April 27, 2006

An Egyptian's drive to Israel

Josh Scholar posts a great link on Michael Totten's blog. It's a translated except from Ali Salem's A Drive to Israel:

In 1994, after the signing of the Oslo accords, Ali Salem did the unthinkable. He hopped in his 14-year-old Soviet-made car and drove across the Sinai into Israel. He spent over three weeks in the country, touring and meeting Israelis from all walks of life. On his return, he published a book, A Drive to Israel, which sold over 60,000 copies—a runaway bestseller by Egyptian standards.

It is very interesting to read him report on some things that I take for granted:

The most interesting point is that the young boy, in that brief moment after a driver told him he didn’t agree with the slogan, didn’t feel angry or frustrated. Instead he quickly moved on to another car. He didn’t scream: "You creep, why don’t you agree? … You must be an agent of the Syrians and the Arabs."

We must focus on this point in raising our children. It is a person’s right to hold differing views and ideas, as long as he doesn’t espouse violence or aggression. Let ideas do combat with each other, theory against theory, for the benefit of the nation.

Public debates here are not confined to the offices of political parties or newspaper columns. You see them transformed into banners held by groups of young men and women on street corners. Sometimes you find a demonstration of two persons carrying a banner announcing their joint political position. There is a well-known group that stands on a certain street corner in Jerusalem wearing black clothes and holding signs saying: "Leave the West Bank … Leave the Golan … Leave Gaza."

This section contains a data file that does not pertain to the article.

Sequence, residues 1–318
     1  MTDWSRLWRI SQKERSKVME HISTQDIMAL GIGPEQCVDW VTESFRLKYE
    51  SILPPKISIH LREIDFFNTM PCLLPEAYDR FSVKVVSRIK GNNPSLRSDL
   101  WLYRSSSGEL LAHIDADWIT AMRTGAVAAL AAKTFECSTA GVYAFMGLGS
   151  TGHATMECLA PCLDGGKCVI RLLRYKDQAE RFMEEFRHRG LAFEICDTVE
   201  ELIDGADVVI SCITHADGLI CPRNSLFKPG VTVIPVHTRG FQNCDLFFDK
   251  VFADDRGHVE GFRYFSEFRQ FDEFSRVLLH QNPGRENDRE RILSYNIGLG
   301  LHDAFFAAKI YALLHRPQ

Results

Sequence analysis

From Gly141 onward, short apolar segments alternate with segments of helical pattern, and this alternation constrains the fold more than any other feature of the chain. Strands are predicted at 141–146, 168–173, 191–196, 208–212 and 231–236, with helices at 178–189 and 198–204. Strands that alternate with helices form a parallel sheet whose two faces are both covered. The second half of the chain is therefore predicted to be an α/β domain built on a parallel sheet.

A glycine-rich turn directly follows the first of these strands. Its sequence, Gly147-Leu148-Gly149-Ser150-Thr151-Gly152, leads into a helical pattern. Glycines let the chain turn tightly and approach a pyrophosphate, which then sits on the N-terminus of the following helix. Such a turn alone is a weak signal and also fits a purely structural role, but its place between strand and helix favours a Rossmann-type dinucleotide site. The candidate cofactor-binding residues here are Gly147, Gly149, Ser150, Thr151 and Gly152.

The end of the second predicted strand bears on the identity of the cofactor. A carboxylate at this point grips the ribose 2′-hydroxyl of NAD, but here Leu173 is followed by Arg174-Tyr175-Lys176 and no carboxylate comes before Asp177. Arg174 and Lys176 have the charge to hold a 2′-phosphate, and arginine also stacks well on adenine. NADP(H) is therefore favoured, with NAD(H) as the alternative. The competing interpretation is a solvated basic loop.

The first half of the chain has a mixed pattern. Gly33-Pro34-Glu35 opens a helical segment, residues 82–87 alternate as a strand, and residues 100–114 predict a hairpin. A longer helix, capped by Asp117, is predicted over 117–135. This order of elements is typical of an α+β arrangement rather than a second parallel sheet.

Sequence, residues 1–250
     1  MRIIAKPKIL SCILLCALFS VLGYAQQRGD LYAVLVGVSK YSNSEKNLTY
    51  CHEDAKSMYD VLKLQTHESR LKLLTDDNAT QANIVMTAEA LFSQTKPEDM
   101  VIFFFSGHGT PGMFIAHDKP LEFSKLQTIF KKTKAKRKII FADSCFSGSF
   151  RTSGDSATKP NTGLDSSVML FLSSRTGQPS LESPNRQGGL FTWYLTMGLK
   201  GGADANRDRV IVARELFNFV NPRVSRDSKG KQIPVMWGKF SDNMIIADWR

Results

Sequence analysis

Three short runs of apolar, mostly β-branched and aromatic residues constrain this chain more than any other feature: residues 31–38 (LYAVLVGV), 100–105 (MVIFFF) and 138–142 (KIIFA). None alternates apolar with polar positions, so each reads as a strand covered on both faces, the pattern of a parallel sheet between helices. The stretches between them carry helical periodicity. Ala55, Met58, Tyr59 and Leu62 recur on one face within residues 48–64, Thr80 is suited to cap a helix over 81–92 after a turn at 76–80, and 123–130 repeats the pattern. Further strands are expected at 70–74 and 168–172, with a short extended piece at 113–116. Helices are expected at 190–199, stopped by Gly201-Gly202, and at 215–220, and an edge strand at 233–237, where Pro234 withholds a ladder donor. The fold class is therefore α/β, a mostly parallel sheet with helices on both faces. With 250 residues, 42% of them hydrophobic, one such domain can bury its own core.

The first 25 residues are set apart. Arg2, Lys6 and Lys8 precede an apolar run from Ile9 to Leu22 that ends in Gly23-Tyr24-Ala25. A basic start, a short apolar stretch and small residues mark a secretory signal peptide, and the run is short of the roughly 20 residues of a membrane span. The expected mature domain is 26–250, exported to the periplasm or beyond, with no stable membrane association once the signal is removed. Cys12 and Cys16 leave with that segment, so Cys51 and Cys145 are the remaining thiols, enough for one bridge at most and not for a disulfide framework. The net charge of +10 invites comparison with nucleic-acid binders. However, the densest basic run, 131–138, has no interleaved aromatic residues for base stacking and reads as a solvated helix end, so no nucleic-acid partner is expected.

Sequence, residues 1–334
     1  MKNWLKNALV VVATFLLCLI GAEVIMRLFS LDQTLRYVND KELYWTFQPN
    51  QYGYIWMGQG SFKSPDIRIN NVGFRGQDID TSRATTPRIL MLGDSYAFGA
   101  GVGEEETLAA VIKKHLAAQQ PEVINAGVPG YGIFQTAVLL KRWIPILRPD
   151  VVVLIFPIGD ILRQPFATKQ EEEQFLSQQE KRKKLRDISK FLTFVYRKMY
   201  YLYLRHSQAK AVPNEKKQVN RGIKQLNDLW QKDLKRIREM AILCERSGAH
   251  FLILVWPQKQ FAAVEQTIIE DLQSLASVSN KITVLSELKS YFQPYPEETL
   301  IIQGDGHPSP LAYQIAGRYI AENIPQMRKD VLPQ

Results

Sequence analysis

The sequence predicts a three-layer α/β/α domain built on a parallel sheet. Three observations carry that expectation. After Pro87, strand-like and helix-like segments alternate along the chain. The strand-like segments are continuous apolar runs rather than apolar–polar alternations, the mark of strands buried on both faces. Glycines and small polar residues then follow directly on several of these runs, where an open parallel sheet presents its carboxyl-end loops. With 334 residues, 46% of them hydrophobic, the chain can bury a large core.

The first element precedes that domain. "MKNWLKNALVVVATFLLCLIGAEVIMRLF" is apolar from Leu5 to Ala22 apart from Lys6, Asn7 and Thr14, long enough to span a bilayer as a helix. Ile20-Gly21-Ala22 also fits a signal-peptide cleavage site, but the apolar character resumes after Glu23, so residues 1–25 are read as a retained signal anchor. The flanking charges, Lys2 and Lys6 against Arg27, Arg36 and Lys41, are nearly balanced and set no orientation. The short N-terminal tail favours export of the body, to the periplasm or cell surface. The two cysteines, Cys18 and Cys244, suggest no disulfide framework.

You’ll find another group in the middle of Jerusalem raising signs saying: "The West Bank begins here," meaning that if we vacate the West Bank, we’ll wind up withdrawing even from Jerusalem.

And this fine piece of sarcasm:

My mind turned to the topic of the Israeli cultural invasion of Egypt...

"Oh, what a wretched, helpless victim am I! How can I protect myself from this invasion? What should I do to confront these lethal weapons?"

"Don’t speak with them, listen to them, or read them. Convince yourself that they don’t exist. Imagine that Israel is the temptress of the folk tales, the voice of seduction luring you to desire and destruction, the siren of Greek mythology and of the Thousand and One Nights. She sings a captivating song, she possesses an enchanting voice that will lure you away and drag you to the bottom of the Nile. Plug your ears and become deaf. While you’re at it, blind your eyes too, since a nuclear film or something like it could invade you … "

"Okay, I’ll plug my ears and blind my eyes to protect me from the cultural invasion."

"But this isn’t enough, my friend! They’ll attack with advanced new weapons capable of penetrating your mind without passing through your ears or eyes."

"Oh, what a lost soul am I! How can I possibly protect my mind?"

"Shut it, shut down your mind. That’s the solution."

"Okay, I’ve closed it."

"Now your ears are plugged, your eyes are closed and your mind is shut. Praise the Lord! You’re saved—from the Israeli cultural invasion. Now you are safe and secure in your own heritage, in your national and ethnic culture."

Posted by David Boxenhorn at April 27, 2006 12:27 PM | TrackBacks
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